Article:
Don’t Miss Out
I have a bad habit of multi-tasking in my head. While I’m busy doing one thing, I frequently am thinking about the next thing (or the thing after the next thing) that I need to do. The result? I often find myself forgetting what in the world I’m doing. Now why did I walk into the kitchen? Who was I supposed to call today? Did I already take that medicine?
I’m sure senility will be an easy transition for me.
By trying to think two steps ahead, I end up taking three steps back. Worst of all, I let my busyness and distraction cheat me out of the opportunities God puts before me.
My friend Tim told me a story about one of our Children’s Ministry leaders who faced that same struggle. Maybe you can relate.
Tim was observing one of our environments one weekend for a class project he was doing at Asbury Seminary. He told me about a Life Group Leader he saw who had her hands full with her kids. She did a great job of leading the morning’s activity, but when it came time to pack up her basket of supplies, she missed a major opportunity.
Tim told me that a little girl in her group lagged behind the others and began to tell her leader about the fact that her mom wasn’t going to be around much longer because she was going to jail. Believe it or not, the leader was so absorbed in cleaning up her Life Group supplies and getting everyone back to the large group room, that she totally missed what the little girl was trying to tell her.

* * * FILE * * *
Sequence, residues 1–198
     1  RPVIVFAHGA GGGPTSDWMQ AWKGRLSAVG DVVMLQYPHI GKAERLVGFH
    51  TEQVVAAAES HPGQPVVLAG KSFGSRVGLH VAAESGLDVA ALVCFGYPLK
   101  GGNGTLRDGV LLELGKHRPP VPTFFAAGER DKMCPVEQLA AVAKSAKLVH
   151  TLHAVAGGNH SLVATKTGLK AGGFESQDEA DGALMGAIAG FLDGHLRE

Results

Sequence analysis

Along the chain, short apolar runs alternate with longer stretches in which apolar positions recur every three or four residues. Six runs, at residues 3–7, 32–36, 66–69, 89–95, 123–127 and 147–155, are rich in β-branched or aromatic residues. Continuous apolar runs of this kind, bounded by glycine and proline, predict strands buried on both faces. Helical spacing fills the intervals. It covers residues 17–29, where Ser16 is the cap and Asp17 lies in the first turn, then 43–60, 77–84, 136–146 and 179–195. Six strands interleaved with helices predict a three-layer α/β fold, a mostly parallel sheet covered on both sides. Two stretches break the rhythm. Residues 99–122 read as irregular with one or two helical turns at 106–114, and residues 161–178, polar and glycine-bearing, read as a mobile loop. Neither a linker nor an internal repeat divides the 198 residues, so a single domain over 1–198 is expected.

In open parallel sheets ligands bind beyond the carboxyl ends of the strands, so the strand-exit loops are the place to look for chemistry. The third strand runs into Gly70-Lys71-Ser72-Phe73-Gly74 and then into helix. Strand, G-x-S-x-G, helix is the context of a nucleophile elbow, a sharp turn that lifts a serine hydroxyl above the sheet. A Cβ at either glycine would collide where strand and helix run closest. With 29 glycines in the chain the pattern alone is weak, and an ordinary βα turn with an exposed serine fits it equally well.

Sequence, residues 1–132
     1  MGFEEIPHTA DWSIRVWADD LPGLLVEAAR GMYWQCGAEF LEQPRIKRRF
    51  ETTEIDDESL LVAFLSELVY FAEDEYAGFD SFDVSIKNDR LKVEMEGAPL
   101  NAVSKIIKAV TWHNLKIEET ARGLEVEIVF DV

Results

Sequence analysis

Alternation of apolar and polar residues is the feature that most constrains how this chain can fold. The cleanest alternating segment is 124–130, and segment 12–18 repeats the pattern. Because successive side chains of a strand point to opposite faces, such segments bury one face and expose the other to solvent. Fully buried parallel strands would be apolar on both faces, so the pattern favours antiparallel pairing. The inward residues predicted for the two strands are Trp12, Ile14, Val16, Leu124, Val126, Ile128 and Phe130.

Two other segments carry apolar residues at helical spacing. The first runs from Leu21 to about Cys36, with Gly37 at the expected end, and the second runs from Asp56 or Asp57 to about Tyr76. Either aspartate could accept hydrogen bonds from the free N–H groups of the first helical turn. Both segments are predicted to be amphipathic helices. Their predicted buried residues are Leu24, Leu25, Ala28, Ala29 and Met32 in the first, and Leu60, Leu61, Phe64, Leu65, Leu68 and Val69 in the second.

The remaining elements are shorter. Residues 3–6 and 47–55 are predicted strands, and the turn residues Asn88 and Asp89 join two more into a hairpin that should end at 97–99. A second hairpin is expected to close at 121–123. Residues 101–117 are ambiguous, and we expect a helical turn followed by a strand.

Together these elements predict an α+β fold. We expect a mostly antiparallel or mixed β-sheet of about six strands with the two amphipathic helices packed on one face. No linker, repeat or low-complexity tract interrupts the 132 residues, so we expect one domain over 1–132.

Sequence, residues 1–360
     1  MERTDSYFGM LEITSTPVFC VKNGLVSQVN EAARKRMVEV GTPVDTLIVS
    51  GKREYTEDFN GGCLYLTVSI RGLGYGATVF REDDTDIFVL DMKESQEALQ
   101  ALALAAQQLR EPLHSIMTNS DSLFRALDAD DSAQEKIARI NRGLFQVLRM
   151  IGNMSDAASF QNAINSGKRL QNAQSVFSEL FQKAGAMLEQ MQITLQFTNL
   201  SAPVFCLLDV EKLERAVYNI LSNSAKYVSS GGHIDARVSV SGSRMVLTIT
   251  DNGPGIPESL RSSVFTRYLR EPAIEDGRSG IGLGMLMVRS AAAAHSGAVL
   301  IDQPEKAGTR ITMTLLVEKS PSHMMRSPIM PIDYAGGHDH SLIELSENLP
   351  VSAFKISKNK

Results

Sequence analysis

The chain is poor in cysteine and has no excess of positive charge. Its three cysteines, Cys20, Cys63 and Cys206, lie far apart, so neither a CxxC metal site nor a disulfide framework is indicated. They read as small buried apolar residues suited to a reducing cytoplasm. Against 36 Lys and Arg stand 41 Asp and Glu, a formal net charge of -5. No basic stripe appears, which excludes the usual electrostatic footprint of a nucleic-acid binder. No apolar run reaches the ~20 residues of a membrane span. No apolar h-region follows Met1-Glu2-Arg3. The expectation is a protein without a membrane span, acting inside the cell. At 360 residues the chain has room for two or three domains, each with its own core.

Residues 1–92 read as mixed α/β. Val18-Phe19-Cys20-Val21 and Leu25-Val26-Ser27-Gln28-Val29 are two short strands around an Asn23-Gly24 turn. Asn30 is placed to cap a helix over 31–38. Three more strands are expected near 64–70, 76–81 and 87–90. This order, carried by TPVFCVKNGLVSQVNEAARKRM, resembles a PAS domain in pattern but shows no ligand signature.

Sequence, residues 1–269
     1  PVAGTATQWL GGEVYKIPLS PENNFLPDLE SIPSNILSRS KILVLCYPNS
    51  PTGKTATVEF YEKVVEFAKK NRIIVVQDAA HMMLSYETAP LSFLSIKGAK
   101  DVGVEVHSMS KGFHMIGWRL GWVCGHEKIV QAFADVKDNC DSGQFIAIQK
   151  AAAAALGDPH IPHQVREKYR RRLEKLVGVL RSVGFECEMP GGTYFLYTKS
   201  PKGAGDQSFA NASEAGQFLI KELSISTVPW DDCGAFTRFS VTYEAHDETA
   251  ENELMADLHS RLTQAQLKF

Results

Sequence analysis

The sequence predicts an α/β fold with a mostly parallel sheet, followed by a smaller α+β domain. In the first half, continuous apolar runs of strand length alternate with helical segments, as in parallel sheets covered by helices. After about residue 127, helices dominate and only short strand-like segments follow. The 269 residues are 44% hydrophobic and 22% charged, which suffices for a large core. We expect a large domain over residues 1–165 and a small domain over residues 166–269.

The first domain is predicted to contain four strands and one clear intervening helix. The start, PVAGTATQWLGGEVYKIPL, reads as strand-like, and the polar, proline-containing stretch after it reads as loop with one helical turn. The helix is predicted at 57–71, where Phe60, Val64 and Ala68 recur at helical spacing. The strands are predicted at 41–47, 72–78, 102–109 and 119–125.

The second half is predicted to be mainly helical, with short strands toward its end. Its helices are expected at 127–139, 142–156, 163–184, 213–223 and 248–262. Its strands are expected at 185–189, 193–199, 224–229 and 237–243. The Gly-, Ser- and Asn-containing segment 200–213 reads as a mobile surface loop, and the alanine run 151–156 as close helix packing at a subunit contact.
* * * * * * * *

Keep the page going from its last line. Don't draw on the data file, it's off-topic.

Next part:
Let that soak in for a minute. Here’s a girl pouring her heart out and desperate for affirmation. Here’s a leader following all the procedures, technically doing everything “right.” And yet, here’s a major opportunity for connection missed.
I don’t fault the leader. I know how crazy and hectic it can be to pull off ministry week in and week and week out. I know we frequently don’t have enough time for our group activities. I know leaders are rushed to get back into the big room as parents arrive. I know all of these things, but I can’t help thinking about that girl and how much she needed to talk. She needed Jesus with skin on to stop and listen.
So as you go into this weekend, I want to challenge you to do three things:
1. Keep your eyes open. Ask yourself, “Who looks lost? Who looks like they need some extra attention?”
2. Bounce it off God. Shoot up little “sonar” prayers throughout the service. Ask, “What do you want me to see, God? Who do I need to notice?”
3. When you see an opportunity to be Jesus to kids, go for it. I don’t care how much of your lesson gets left undone. It doesn’t matter if you leave your group supplies strung across the room. No matter what else is going on, when you sense a kid needs you, go for it. Listen. Have the conversation. Give the hug.
It’s no easy task to live in the moment, but if you can focus on being fully present for our kids, I can promise you that God will give you some incredible opportunities to connect, to love and be used in ways you never dreamed were possible.